The following is a story that ran in the Jan. 3, 2023 edition of the Beaumont Enterprise.

Linnis Blanton created the artwork pictured during the interview for Andy Coughlan’s story that won the National Arts & Entertainment contest for arts feature more than 1,000 words.

Artist and writer Andy Coughlan got an early Christmas present last month after learning that one of his stories in the Beaumont Enterprise’s weekly Art of Living section had received the top award in the Los Angeles Press Club’s annual National Arts and Entertainment Journalism Awards.

Coughlan didn’t even notice the award when he first looked through the results. “I entered four different things and saw I was a finalist in two categories,” he recalled. It wasn’t until a short while later he revisited the award site and realized he’d won the “Arts feature over 1,000 words” category.

“It was actually quite a nice surprise,” Coughlan said, and he now has a trophy sitting amongst other art and journalism awards.

But for Coughlan, the real reward was in the telling of the story itself and the bond that was strengthened with his story subject — local ceramic artist Linnis Blanton.

When Coughlan sat down with Blanton at his studio to discuss the work in his show “Sacred Space: The Artistic Vision of Linnis Blanton,” it wasn’t their first meeting, nor was it the first story Coughlan has written on Blanton.

But the new ceramic work had taken a creative twist and a more deeply personal turn than that which Coughlan had written about previously.

As a teller of Blanton’s artistic process story, Coughlan was uniquely poised to not only share the facts of Blanton’s creative journey, but also the spirit of it.

“One of the things I think is really satisfying, especially as an artist myself, is getting to meet and really know the artists,” Coughlan said.

He learned that Blanton’s new creative direction had come after fellow ceramicist David Cargill commented that “his pots looked better on the inside than the out,” Coughlan noted.

In the story, Blanton shared that it was an observation he’d always somehow known, but didn’t fully embrace exploring until Cargill said the words aloud.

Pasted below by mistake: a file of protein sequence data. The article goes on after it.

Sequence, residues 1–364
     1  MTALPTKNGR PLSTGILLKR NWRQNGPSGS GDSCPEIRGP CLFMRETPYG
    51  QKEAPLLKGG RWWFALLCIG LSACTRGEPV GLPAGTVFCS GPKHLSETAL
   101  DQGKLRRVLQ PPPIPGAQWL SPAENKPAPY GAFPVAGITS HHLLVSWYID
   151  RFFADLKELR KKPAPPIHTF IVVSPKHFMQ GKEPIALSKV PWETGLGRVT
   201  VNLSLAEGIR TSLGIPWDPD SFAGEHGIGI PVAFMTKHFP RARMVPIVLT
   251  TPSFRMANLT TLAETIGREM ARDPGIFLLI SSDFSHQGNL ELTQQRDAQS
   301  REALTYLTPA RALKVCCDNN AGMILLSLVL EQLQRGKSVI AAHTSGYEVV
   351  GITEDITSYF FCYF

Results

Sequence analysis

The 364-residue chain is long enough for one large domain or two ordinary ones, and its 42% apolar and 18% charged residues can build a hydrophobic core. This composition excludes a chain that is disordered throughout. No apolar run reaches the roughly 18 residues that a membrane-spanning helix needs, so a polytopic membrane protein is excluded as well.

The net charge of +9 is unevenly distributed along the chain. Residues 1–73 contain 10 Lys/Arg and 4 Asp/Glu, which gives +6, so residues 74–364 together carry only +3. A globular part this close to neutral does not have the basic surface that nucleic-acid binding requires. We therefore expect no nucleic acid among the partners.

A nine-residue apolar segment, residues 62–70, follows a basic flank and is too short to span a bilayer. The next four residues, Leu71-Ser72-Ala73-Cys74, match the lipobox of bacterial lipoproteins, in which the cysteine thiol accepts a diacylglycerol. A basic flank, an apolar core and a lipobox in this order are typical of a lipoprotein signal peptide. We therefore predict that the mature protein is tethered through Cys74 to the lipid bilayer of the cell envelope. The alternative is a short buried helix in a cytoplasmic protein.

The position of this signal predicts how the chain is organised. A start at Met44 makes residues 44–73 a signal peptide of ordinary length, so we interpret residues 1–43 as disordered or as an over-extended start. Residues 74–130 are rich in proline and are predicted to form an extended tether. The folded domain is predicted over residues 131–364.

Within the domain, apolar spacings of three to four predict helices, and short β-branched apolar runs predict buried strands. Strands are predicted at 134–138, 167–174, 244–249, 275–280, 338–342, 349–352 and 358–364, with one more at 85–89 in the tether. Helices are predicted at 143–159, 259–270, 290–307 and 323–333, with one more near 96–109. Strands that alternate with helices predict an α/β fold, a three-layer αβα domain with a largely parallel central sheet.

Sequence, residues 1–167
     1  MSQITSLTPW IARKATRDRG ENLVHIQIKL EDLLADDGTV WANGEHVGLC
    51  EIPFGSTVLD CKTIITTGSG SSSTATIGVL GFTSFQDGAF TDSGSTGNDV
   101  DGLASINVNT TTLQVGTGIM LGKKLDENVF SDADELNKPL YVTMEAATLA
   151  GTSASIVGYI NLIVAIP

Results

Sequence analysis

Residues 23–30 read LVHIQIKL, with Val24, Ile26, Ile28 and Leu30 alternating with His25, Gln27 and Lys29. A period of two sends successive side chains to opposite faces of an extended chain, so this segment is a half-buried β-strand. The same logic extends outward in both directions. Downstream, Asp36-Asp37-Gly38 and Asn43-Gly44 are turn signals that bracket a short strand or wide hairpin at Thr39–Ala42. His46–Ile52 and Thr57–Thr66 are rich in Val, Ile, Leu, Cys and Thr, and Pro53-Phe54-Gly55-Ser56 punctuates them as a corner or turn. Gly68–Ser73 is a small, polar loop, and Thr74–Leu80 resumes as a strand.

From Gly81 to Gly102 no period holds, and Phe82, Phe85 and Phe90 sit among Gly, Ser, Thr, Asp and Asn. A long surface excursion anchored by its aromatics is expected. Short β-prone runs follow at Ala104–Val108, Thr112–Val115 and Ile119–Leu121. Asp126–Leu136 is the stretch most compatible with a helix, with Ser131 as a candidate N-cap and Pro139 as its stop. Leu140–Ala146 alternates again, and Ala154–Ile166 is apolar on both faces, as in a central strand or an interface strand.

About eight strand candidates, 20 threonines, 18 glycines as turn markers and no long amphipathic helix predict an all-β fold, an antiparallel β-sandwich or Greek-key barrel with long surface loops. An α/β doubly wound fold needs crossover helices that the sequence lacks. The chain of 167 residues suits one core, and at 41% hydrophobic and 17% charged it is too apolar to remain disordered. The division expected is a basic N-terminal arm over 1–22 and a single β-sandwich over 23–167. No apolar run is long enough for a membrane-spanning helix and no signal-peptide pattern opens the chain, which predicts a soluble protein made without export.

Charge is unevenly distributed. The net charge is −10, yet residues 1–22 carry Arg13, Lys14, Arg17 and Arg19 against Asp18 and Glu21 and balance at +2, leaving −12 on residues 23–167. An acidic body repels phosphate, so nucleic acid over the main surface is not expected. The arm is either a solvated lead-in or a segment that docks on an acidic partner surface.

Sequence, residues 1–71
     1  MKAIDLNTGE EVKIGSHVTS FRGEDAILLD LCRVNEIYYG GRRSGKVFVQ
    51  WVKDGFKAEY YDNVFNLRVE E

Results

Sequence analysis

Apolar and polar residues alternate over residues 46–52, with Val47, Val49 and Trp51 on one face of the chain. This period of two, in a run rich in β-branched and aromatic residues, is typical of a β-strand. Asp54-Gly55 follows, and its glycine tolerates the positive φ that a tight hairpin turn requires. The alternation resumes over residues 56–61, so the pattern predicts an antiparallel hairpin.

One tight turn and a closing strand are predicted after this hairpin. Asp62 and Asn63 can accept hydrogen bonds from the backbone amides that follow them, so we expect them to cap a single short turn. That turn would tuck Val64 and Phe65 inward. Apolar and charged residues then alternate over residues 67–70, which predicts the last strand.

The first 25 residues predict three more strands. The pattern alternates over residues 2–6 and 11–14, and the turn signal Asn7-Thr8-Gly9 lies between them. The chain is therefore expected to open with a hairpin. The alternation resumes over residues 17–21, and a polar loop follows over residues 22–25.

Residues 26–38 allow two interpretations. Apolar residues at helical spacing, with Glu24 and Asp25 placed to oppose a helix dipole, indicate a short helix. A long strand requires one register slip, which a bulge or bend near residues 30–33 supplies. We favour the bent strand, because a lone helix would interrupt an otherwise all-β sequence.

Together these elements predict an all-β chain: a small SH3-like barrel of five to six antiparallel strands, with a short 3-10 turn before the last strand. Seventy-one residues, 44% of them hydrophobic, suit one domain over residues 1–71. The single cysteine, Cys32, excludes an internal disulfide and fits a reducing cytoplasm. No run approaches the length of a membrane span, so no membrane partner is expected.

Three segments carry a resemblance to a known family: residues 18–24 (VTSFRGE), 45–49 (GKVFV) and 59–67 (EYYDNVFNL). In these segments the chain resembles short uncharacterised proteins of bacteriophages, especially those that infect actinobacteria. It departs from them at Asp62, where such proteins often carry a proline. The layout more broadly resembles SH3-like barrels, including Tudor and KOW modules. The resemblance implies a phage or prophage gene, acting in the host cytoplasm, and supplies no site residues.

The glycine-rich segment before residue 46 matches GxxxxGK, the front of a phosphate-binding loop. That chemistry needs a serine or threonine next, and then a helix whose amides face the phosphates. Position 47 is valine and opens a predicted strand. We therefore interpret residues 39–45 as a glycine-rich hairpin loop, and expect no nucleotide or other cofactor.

From there, he began cutting his pots after their construction, literally turning them inside out. In so doing, he created what Coughlan described as a kind of “sculptural landscape,” reminiscent of the canyons found in Arizona and New Mexico.

The formations fit nicely with Blanton’s desire to explore his Native American heritage in his work.

“The great joy is to really get to the artist’s process. And if you’re smart and you ask the right questions, people really open up to you. They’ll tell you the most interesting things,” Coughlan said.

That depth and intimacy, he believes, is what made the piece stand out to the judges, as well as the photographs he made to accompany the story.

The judge specifically commented on the photos, which Coughlan said weren’t part of the judging, reflected how being a well-rounded journalist can add to the depth and impact of one’s stories — something Coughlan said, “I’m always telling my students”at Lamar University.

The photos included images of Blanton at work — something the artist suggested in addition to a portrait and pictures of finished work.

“I told him,‘if it turns out, I’d like to acquire it,’” Coughlan said.

The piece did turn out, and now sits in Coughlan’s home in Beaumont.

For him, that’s the best trophy for a story well done.

“That piece is even more meaningful to me, because it was done as we were talking and relating to each other,” Coughlan said.

As the pot was being formed, turned in upon itself and then reformed, so was the bond between the two artists in the roles of writer and subject, transforming.

Being able to relate that process to a larger audience through the written story format is somewhat of a dream come true for Coughlan.

“I used to watch art shows as a kid, and I would get annoyed with them and how they would use these high-falutin words,” he said, adding that the spirit of the work was lost amid the meant-to-impress jargon used to discuss it.

“I always had a dream to have a show that was written in a way that makes it accessible to everyone,” Coughlan noted, adding that having his story on Blanton take home a national prize “is kind of a validation of being able to do that.”

And it fits with Coughlan’s grander plan to spread the word about Southeast Texas’ rich arts community.

“This area has a lot of strong arts, and that’s my mission — to make people aware of the arts in this area,” he said.

Coughlan will showcase his own brand new series of work at a Café Arts exhibit in the Art Museum of Southeast Texas in February. kbrent@beaumontenterprise.com twitter.com/kimbpix

To read the original story, click here.

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